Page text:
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Do I need to keep hydronic hot water cylinder?

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jesling
jesling Member Posts: 3
edited August 2018 in THE MAIN WALL
Apologies if this question has already been answered, I did have a poke around but couldn't find anything.

I'm livimg in a 30 year old house that had a hydronic heating system installed at the time of the build. It has had a few modifications over the years but basically remains the same. The heat source is via a slow combustion Wamsler stove with a wet back, max output of 17kw. It services 5 double radiators and a 200l domestic hot water cylinder.
We have now moved our domestic hot water heating to heat pump hot water and would like to remove the old hydronic hot water cylinder all together as it takes up a huge amount of room in our pantry.

I have sought local advice from a number of tradesman and so far one has said that it's not a problem to remove it and another said it was vital to keep it as it acts as a heat buffer, or something, another wasn't sure!
Any advice on this would be much appreciated. Sorry if I haven't provided sufficient information here. Please let me know if that's the case and I'll provide additional details and photos.

Many thanks,
Jonno

Comments

  • nicholas bonham-carter
    nicholas bonham-carter Member Posts: 8,578
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    I am not familiar with the Wamsler stove-is it like the Aga, capable of heating food, and people?
    Unless the stove contains a sufficient volume of water in it, I would say that the hot water cylinder is needed to make sure there are no lags in hot water production during periods of high use. The cylinder may not have to be in its present location, and moving it may give you the extra pantry room you desire.
    Pictures would be very helpful.—NBC
  • hot_rod
    hot_rod Member Posts: 22,254
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    A wood fired cook stove? It would be a good idea to have a bit of a buffer on a stove like that as they respond slow and your DHW use may not match the stove use?
    Bob "hot rod" Rohr
    trainer for Caleffi NA
    Living the hydronic dream
  • jesling
    jesling Member Posts: 3
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    Thanks for the replies. Yes, it's similar to an Aga. We predominantly use it for heating our radiators but also do a little bit of cooking. We no longer draw hot water from the cylinder as we now have heat pump hot water.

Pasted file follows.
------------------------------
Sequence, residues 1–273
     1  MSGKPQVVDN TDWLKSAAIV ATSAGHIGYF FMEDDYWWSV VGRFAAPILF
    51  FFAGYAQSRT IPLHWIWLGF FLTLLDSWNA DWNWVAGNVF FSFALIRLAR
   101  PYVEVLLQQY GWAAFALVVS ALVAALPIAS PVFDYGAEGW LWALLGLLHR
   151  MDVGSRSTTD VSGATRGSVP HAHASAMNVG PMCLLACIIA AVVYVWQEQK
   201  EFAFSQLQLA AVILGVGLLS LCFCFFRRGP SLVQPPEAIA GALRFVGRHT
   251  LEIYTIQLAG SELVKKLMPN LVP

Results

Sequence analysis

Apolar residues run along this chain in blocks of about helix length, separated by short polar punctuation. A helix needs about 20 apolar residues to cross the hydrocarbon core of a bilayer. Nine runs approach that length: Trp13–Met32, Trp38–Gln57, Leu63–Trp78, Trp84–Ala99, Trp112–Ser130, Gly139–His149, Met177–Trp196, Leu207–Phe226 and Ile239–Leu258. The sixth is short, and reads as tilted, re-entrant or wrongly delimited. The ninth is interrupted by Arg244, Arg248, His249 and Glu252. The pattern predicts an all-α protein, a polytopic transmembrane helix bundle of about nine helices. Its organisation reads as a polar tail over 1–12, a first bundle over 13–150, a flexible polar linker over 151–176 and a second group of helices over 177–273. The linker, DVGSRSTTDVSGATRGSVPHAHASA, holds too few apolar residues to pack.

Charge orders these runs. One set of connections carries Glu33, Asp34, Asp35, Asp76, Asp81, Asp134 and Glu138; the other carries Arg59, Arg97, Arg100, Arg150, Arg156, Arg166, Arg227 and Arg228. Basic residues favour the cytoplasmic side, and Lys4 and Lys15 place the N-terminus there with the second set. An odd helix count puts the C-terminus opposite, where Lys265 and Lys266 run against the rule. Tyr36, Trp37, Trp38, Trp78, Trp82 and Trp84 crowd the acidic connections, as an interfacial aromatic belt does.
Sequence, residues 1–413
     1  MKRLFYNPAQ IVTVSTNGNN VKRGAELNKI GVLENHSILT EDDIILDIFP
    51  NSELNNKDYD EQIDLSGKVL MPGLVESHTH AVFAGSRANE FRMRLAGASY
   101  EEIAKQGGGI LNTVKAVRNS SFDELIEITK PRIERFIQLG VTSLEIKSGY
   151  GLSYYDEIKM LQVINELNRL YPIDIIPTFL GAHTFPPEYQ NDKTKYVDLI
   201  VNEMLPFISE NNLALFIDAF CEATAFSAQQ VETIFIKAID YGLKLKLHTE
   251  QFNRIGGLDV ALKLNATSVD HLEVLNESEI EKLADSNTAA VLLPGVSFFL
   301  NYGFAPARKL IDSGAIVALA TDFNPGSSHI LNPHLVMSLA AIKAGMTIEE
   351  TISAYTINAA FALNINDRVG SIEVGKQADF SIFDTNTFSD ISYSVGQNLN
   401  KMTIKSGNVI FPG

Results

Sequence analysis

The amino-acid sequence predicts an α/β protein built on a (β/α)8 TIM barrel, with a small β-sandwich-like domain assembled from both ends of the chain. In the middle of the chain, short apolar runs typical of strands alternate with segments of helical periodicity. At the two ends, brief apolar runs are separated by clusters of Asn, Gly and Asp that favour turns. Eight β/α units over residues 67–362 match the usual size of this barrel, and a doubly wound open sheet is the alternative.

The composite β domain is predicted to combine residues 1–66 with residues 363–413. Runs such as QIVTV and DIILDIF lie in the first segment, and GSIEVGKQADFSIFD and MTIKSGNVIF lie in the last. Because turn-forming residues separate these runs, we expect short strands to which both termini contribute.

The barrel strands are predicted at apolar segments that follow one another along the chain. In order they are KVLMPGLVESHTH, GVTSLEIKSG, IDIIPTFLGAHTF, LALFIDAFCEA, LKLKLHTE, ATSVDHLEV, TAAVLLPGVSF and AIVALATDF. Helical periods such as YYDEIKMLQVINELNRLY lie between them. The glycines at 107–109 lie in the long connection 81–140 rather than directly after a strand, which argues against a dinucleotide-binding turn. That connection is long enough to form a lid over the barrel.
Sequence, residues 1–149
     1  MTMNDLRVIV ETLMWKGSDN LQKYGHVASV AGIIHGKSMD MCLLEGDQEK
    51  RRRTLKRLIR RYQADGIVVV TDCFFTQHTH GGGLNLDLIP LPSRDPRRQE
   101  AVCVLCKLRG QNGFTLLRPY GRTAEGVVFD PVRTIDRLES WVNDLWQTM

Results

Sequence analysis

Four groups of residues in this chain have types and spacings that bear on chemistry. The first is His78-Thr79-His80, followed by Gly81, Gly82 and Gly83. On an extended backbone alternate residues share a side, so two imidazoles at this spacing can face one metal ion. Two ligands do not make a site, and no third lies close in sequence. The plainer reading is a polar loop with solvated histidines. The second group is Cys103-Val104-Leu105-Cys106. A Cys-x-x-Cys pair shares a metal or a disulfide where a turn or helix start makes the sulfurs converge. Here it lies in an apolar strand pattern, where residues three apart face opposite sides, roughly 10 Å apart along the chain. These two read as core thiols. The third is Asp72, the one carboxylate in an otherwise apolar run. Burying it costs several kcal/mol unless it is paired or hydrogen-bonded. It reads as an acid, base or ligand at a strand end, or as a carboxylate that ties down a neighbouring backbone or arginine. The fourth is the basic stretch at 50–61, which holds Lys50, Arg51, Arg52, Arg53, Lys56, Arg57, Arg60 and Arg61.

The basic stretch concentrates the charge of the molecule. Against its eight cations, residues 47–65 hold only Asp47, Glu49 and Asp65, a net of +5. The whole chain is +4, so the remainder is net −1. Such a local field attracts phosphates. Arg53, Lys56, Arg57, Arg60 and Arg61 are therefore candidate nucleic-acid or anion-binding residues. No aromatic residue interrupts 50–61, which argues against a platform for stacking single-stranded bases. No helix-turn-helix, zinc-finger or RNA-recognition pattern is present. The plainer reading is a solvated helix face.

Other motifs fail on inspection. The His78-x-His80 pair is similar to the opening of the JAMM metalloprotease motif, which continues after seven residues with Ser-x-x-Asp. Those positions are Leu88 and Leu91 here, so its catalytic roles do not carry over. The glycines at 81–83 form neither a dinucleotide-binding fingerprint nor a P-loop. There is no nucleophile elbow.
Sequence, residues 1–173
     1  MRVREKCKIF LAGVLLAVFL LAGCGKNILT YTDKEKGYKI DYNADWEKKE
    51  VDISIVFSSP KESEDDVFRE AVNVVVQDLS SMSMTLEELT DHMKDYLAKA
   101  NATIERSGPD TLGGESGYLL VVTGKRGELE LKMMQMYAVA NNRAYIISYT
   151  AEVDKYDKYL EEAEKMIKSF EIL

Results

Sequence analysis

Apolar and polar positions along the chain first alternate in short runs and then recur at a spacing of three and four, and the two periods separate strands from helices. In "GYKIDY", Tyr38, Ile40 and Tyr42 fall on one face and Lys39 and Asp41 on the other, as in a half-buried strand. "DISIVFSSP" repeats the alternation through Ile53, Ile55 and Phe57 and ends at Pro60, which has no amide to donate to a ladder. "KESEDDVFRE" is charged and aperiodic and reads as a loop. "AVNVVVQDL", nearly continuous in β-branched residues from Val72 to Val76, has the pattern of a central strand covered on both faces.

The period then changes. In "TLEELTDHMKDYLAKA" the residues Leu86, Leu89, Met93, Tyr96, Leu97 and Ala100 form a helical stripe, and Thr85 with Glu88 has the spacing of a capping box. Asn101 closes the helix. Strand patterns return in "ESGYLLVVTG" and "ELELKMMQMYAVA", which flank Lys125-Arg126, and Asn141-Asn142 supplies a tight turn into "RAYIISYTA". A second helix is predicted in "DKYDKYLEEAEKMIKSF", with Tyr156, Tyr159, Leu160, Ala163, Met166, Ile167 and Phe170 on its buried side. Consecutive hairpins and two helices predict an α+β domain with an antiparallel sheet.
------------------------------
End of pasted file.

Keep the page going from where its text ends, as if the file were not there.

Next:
Is the risk that if the cylinder is removed from the system that the boiler in the back of the stove will run too hot? If so, could this be offset by installing larger radiators?
  • nicholas bonham-carter
    nicholas bonham-carter Member Posts: 8,578
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    I wonder if this is an open system, in which the potable hot is interconnected with the hot water heating side. This might act as a buffer to store heat for the radiators, and its removal might cause upset the evenness of heat. If this is so the system may be a breeding ground for Legionella bacteria, which can be dangerous, if you use the water for showering.
    Can you get some information from the manufacturer, or importer of the stove as to whether the tank is necessary for the operation of the heating side?—NBC
  • hot_rod
    hot_rod Member Posts: 22,254
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    looks like a conditioner chemical was added? Keep that fluid away from potable water. A double walled HX if you do
    Bob "hot rod" Rohr
    trainer for Caleffi NA
    Living the hydronic dream
  • jesling
    jesling Member Posts: 3
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    Thanks again for the replies. I have drawn a diagram of the system which is probably what I should have done first! Let me know what you think.
    I'll try contacting Wamsler as well and see what they think.
    Cheers,
    Jonno
  • nicholas bonham-carter
    nicholas bonham-carter Member Posts: 8,578
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    If that stove is a wood, or coal-fired model, then a buffering tank would be a benefit; however the present piping does not seem to use the cylinder for such purpose.
    Is your wood, or coal supply so easily available as to make such a fuel choice convenient? Is there gas available? A modern wall-hung condensing boiler would allow for the relocation of all the heating hardware elsewhere, giving you more kitchen, and pantry space, and keep the kitchen cooler at Christmastime as well!—NBC